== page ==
Yesterday the class had the privilege to hear from Dr. Livingstone Sewanyana who is an activist at the Foundation for Human Rights Initiative (FHRI). FHRI is a powerful lobbying group in the country, and Sewanyana mentioned that someone from FHRI was at parliament every day.
Although Uganda has signed many human rights charters as a member of both the African Union and United Nations, Sewanyana points out that the country still has much work to do. Torture is commonly used in the country, prompting outcry from FHRI and other organizations. Although Uganda recently passed a law which can hold the torturer liable, the law is weakly enforced. In general, law enforcement is very weak and criminals often go unpunished. This situation is made worse by the fact that many policeman are corrupt and knowingly undermine the law. This leads to another predicament. Police officers often arrest before they investigate, and sometimes they do not even investigate. According to Sewanyana, 52% of Ugandan prisoners never received trials because the system is so backlogged, confusing, and judicial personnel are lacking.
Museveni’s government has not made significant strides in improving human rights. Sewanyana worries that human rights will be continued to be undermined as long as he or his son (who is rumored to be groomed to succeed his father) is in power. FHRI calls for electoral reform so someone else may be elected. Specifically, they desire the creation of an impartial electoral commission, more accessible voter registration, and a crackdown on vote buying. However, he notes that Museveni/the party in power actually benefits from these confusing laws.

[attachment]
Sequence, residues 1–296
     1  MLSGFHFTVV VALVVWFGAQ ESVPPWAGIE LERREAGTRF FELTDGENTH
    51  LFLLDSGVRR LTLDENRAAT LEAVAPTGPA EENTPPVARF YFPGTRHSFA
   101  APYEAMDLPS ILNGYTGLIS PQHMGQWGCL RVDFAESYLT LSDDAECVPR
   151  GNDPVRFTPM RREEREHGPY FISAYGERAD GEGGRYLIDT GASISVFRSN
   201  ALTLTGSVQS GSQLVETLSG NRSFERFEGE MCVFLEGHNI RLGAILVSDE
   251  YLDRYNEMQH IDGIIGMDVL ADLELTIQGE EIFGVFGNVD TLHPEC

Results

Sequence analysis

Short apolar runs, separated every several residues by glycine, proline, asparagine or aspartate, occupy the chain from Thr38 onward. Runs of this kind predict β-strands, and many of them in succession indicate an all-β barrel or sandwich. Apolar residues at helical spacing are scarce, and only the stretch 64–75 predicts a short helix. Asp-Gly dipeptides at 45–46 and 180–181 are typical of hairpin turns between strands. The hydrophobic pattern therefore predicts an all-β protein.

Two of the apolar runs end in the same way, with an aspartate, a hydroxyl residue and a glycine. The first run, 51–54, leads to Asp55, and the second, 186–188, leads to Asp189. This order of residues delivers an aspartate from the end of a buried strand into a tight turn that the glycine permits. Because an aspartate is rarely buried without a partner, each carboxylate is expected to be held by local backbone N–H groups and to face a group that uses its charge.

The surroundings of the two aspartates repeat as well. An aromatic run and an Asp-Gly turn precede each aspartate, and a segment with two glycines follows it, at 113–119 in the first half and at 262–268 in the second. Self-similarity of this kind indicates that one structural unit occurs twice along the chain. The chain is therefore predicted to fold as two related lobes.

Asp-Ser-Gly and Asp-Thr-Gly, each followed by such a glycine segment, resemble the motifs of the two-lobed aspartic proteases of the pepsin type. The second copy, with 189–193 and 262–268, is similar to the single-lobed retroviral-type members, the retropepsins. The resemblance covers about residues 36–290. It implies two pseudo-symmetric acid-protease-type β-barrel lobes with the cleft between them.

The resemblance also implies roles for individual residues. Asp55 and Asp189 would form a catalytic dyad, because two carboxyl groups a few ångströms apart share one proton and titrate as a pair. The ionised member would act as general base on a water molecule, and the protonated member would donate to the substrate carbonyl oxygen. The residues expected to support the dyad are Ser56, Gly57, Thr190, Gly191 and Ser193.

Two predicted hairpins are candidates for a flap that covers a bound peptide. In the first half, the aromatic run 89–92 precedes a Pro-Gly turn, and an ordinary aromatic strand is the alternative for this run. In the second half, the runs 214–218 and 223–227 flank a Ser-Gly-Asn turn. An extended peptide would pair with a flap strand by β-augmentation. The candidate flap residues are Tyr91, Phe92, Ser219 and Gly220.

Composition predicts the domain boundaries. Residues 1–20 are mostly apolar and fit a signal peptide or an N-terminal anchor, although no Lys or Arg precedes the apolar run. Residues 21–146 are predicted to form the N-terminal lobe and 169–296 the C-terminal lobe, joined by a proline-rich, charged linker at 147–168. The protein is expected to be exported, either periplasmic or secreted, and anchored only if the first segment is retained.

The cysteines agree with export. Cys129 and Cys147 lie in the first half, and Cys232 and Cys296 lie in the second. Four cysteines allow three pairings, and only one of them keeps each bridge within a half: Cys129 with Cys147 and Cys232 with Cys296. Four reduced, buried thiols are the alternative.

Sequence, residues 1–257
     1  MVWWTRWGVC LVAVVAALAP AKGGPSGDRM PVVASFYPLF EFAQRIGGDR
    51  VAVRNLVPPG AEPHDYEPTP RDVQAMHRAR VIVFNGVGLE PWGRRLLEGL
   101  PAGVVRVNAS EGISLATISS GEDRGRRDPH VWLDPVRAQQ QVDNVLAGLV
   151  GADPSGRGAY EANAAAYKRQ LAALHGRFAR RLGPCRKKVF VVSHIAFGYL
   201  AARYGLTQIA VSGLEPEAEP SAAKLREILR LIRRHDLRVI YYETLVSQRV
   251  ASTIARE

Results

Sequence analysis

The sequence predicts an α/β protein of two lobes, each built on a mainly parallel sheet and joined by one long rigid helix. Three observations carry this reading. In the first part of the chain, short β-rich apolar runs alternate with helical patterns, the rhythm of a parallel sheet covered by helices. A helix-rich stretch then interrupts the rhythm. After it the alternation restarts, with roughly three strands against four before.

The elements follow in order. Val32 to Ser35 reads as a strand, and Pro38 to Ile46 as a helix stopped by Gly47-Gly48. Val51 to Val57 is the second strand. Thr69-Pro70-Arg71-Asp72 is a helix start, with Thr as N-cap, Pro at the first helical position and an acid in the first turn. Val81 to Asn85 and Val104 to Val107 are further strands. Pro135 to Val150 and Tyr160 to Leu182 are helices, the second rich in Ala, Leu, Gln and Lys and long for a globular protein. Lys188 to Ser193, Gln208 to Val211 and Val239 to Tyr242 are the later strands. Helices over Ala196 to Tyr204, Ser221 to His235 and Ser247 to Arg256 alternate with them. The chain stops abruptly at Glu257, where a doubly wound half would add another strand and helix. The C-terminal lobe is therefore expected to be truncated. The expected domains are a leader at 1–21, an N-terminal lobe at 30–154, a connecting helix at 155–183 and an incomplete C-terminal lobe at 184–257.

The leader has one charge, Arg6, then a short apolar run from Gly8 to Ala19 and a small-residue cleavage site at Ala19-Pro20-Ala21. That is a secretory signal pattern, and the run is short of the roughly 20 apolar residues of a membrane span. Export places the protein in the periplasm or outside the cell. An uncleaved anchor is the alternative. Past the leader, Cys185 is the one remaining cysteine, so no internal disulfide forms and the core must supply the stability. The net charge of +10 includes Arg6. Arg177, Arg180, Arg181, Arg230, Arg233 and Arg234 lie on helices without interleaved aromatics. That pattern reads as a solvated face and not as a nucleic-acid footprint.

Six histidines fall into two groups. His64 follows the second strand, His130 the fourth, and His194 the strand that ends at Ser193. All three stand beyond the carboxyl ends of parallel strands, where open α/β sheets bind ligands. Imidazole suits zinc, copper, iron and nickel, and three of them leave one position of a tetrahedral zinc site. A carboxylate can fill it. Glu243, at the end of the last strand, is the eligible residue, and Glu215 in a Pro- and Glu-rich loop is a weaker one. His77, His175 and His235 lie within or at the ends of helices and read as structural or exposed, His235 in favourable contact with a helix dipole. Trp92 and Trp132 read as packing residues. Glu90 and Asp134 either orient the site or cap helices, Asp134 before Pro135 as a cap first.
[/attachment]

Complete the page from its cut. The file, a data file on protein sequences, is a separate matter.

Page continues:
By the end of Sewanyana’s speech, I was feeling pretty hopeless about Uganda’s fate. However, he is optimistic. “Fifty years ago,” he said, “no one was talking about rights. Now human rights are a household name.” People now know they are entitled to freedom of expression, food, clean water, and they are excited about it. They are talking about it. They are ready for change. With FHRI leading the movement, support for human rights will only grow.